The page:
Hank Mullins, a faculty member for nearly 30 years in the Department of Earth and Environmental Sciences in the College of Arts and Sciences (A&S), passed away in July at age 69. Mullins grew up in the Hudson Valley village…
Chancellor Kent Syverud Delivers 2021 Winter Message to the University Community
Chancellor Kent Syverud shared his 2021 Winter Message to the University Community in a virtual message, recorded in the K.G. Tan Auditorium in the National Veterans Resource Center at the Daniel and Gayle D’Aniello Building at Syracuse University.
Below is the text of his remarks.
Greetings from the National Veterans Resource Center at the Daniel and Gayle D’Aniello Building at Syracuse University. I’m coming to you from the K.G. Tan Auditorium. It is a spectacular space. It’s empty today, but soon pandemic conditions permitting it will host all kinds of events. Memories and history will be made here. Our ROTC commissionings, convocations will be held here. Lectures and seminars will be delivered here. Leaders from around the world will come together here. I can’t wait for you all to experience this.
I usually deliver a winter message in a room together with many of you, the pandemic is stopping us from doing that today but all of us who are orange, we’ve gotten pretty good at finding new ways of doing things. We improvise and we get it done as we will once again this semester.
Our spring semester has officially begun at Syracuse University. Your university is strong today, we are poised for an even stronger tomorrow. I know this because of the way our community has come together over the last year. I know this because of the unstoppable orange spirit of our community. And I know this because of the opportunities that lie before us and our willingness to act on them boldly. I am grateful like so many of you that we are able to welcome the vast majority of our community back to this campus for the spring semester. It has been a long road to get here. It is the determination of so many that is making this semester possible. Our faculty, our staff have worked hard to ensure that no matter where you are in the world, you can be part of the Syracuse University family. I appreciate all of you. We are here today because of you and because of your tireless efforts. Thank you.
I am also grateful for what we, as a university, were able to accomplish this past fall semester. I believe it was the hardest semester our university has faced in our lifetime. I think historians will agree. Our community has surely faced difficult times before, Pan Am 103, the height of the Vietnam War and other challenges. But there was more collective stress on our entire university this past summer and fall than any other semester in our memory. As a community, we rose to the occasion, we are ready to do it again and show the world how it is done.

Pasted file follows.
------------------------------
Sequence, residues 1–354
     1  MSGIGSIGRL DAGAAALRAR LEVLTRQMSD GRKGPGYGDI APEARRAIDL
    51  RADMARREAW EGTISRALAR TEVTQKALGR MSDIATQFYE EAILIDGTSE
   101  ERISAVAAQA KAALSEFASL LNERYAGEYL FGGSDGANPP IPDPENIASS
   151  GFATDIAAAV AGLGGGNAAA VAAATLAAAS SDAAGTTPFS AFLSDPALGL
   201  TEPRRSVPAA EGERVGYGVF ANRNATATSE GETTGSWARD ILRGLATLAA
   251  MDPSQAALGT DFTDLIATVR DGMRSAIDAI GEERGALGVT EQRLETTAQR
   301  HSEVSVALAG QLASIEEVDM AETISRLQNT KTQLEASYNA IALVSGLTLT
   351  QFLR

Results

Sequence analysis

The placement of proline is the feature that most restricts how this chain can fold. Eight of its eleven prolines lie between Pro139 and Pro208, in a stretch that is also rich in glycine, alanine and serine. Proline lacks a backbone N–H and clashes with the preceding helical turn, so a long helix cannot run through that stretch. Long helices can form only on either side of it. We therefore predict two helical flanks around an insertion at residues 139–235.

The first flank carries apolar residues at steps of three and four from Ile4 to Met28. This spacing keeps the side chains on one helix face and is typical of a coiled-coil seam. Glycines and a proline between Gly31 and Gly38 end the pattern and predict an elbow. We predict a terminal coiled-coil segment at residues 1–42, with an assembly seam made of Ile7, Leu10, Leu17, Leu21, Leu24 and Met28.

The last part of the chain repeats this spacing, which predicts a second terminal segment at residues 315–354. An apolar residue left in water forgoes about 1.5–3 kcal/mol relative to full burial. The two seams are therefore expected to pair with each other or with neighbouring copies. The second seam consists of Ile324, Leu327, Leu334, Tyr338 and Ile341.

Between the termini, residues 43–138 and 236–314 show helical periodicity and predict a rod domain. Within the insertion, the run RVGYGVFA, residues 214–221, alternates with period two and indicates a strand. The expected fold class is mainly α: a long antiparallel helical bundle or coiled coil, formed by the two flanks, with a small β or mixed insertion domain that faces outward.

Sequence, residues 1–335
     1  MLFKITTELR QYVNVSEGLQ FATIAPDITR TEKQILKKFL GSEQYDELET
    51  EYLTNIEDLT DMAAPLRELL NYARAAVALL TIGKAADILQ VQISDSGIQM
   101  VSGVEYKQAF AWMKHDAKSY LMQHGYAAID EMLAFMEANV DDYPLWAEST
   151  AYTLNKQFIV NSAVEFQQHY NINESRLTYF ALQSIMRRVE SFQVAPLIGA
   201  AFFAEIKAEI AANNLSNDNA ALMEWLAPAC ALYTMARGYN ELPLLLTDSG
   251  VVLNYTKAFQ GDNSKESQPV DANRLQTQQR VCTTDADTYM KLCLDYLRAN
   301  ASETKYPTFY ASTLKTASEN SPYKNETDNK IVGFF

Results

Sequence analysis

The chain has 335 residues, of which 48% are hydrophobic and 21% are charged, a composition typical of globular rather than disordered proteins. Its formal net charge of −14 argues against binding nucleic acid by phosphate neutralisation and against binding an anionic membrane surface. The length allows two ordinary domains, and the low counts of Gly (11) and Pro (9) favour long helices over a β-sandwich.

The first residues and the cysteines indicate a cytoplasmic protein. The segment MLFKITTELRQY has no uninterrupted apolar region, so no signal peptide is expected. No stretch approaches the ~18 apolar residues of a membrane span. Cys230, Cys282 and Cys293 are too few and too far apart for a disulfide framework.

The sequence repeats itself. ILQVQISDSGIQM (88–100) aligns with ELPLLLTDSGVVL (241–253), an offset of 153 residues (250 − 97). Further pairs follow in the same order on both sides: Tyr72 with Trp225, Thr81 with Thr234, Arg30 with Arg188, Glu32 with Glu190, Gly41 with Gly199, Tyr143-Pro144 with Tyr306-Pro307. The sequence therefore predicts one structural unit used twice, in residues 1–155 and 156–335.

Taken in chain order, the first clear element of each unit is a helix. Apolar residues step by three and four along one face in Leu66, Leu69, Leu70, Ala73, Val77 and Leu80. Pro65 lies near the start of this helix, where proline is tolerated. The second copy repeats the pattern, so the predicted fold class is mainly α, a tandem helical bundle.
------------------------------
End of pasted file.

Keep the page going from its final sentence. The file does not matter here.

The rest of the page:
The global pandemic has disrupted so much in our lives yet Syracuse University, students, faculty, staff, alumni, fans and friends have met every challenge and we have done it as one orange community. Being orange is not something are given or born with, it’s something you earn. Today, I want to share some stories of how our orange community has displayed grit and grace and greatness. These qualities will shape how we face the world this semester and these qualities will continue to shape our university long into the future. Grit, grace and greatness, I see these qualities every day in our people.
Start with grit. Grit is courage in the face of challenges, it is persistence in the face of obstacles and setbacks, it is demonstrating resilience, fortitude, and perseverance in the most difficult of times. This pandemic has tested our grit in extraordinary ways. So many things are harder than before. We have experienced losses of jobs, of experiences, of loved ones. We have missed milestones, we’ve missed celebrations. We are distanced from friends and family. Grit pushes back on these challenges in different ways, it is what we do every day that has now become routine. Getting tested, social distancing, washing our hands, wearing our masks. It is all of the extra work we do to offer classes in person, online and sometimes both at the same time. It is rethinking how we use spaces for labs and rehearsals and activities and athletics. It is our alumni, donors and friends who have stepped up to support the University and our students during challenging economic times, whether through Syracuse Responds or giving to scholarships. These ways of being part of the Syracuse University community are essential, especially now.
Grit reveals itself when we create ways to do things we have never done before. Back in October, we needed to pivot some of our public health protocols to keep our community safe. And we needed people to help us make this pivot happen. Zach Baxter, a senior and a member of our ROTC Corps asked what he could do to help. He had volunteered earlier in the semester with the public health team. Zach reached out to Program Manager Pruthvi Kilaru, in our department of public health. Within 24 hours, Zach and his fellow ROTC cadets were ready to train in the safe collection, registration and pooling of COVID testing samples. We needed to move quickly here, we needed the people to make it happen, Zach and his fellow cadets stepped up to keep our community safe.
Grit is also Tiana Mangakahia. Tiana is a member of our women’s basketball team. She returned to the court this year, after a courageous battle with cancer. She hadn’t played in an intercollegiate game for more than 600 days when she stepped back on the court in November. That night she scored 16 points, had seven rebounds, four steals and three assists. Grit got her there, just like grit got her through her cancer treatment, just like grit is keeping her and all our student athletes motivated and focused through another season that is regularly disrupted by the pandemic.
Grit may be what we do, but grace is how we do it. When someone challenges our thinking or says something that strikes us at first as wrong, grace is extending the patience to have a conversation. Grace opens our hearts and minds to make sure we understand someone else’s point of view. Grace is sometimes as simple as giving our fellow classmate or colleague the benefit of the doubt. Now more than ever, grace is going out of our way to help someone else. We saw grace in how so many in our orange community came together around a contentious national election to discuss the hard issues and respecting those with whom they disagreed. We also saw grace demonstrated by our work study students and our graduate students in the Setnor School of Music. they worked through complex schedules and social distancing guidelines so that classes could still take place and rehearsals could still be held.